Where did haplogroup T first originate ( 2nd Poll with Expanded options )

Where did haplogroup T first originate ( 2nd Poll with Expanded options )


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Show any research that uses the word Alpide Belt or North of the Alpine Belt Europe and Himalaya? This is made up. Like I stated I have studied genetics for over two years

You go again and again but finally you only hear your own religious voice. So, I wonder why you keep asking compulsively.

Then, go with another try:

1. There is still NO published research on T-M184 (xL206).
2. There is only one T-M184 (xL206) sample found in a published paper. And this individual is from Himalaya.
3. Only one T1-L206 sample is used in a unique paper.
4. There are only 4 known T-M184 (xL206) individuals up to date. 3 found in FTDNA (1 of them in YFULL) and the other one is found in the Hallast paper.
5. 4 out of 4 are from North of the Alpide belt: North European Plain, Kura-Araks basin and Himalayas.
6. "Alpine belt Europe" You have a mess.
7. Two years, Congratulations.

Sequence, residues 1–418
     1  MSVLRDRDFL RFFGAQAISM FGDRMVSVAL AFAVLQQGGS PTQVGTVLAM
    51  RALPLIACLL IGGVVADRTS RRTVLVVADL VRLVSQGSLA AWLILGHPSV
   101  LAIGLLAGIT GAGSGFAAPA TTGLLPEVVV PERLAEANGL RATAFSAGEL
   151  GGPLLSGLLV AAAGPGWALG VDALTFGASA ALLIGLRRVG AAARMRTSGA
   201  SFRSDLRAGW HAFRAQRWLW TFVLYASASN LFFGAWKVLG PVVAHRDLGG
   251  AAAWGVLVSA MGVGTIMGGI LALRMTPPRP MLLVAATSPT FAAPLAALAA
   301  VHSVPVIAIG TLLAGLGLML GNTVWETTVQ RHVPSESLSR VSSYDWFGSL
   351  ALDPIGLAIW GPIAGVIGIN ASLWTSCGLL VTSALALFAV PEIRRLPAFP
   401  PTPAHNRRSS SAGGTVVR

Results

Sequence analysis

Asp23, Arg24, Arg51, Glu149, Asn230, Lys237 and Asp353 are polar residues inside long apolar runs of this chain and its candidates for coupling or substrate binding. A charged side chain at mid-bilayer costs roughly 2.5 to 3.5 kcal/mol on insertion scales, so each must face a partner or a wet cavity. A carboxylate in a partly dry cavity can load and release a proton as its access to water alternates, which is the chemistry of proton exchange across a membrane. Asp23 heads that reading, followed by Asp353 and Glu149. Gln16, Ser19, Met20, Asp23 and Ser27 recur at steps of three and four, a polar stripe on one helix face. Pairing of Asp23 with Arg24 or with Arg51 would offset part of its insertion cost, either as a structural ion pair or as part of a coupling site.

Since when is Bhutan north of the Himalayas, or Kura-Araxes Basin north of the Caucasus?
 
Since when is Bhutan north of the Himalayas, or Kura-Araxes Basin north of the Caucasus?

Bhutan is on the humalayan mountains

Bhutan (/buːˈtɑːn/; འབྲུག་ཡུལ་ druk yul), officially the Kingdom of Bhutan (འབྲུག་རྒྱལ་ཁབ་ druk gyal khap),[10] is a landlocked country and the second largest Himalayan state in Asia. Located in the Eastern Himalayas,


As for Kura-Araxes, it is north of the Zargos mountains...and the Zargos mountains are part of the Alpide belt

https://upload.wikimedia.org/wikipedia/commons/e/e1/Alpiner_Gebirgsgürtel.png

Looks north of the Alpide belt to me

from:
Cyprus (Troodos Mountains), Taurus Mountains, Zagros Mountains, Makran Highland, Sulaiman Mountains, Karakoram, Himalayas, Patkai, Chin Hills, Arakan Mountains, Andaman and Nicobar Islands in South Asia.
 
Alpide shows up as a misspelling on any spell check lol see for yourself
 
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Kingdom of Bhutan looks on it but not north of it but what about Andhra Pradesh, West Bengal, Uttara Kannada 13% or H.O.A. and North Africa, Dir and ISSA? Sir these people are not Europeans.

Zagros Mountains are 0°32'29.3%22N+56°36'41.9%22E parallel with Israel FYI

31°29'59.5"N 50°26'35.3"E
 
Since when is Bhutan north of the Himalayas, or Kura-Araxes Basin north of the Caucasus?

Alpide Belt.jpg I think that is pretty clear. According with the three positions, do you think is most in line with the North of the Alpide belt or instead with the south of the Alpide belt?
 
Kingdom of Bhutan looks on it but not north of it but what about Andhra Pradesh, West Bengal, Uttara Kannada 13% or H.O.A. and North Africa, Dir and ISSA? Sir these people are not Europeans.

Zagros Mountains are 0°32'29.3%22N+56°36'41.9%22E parallel with Israel FYI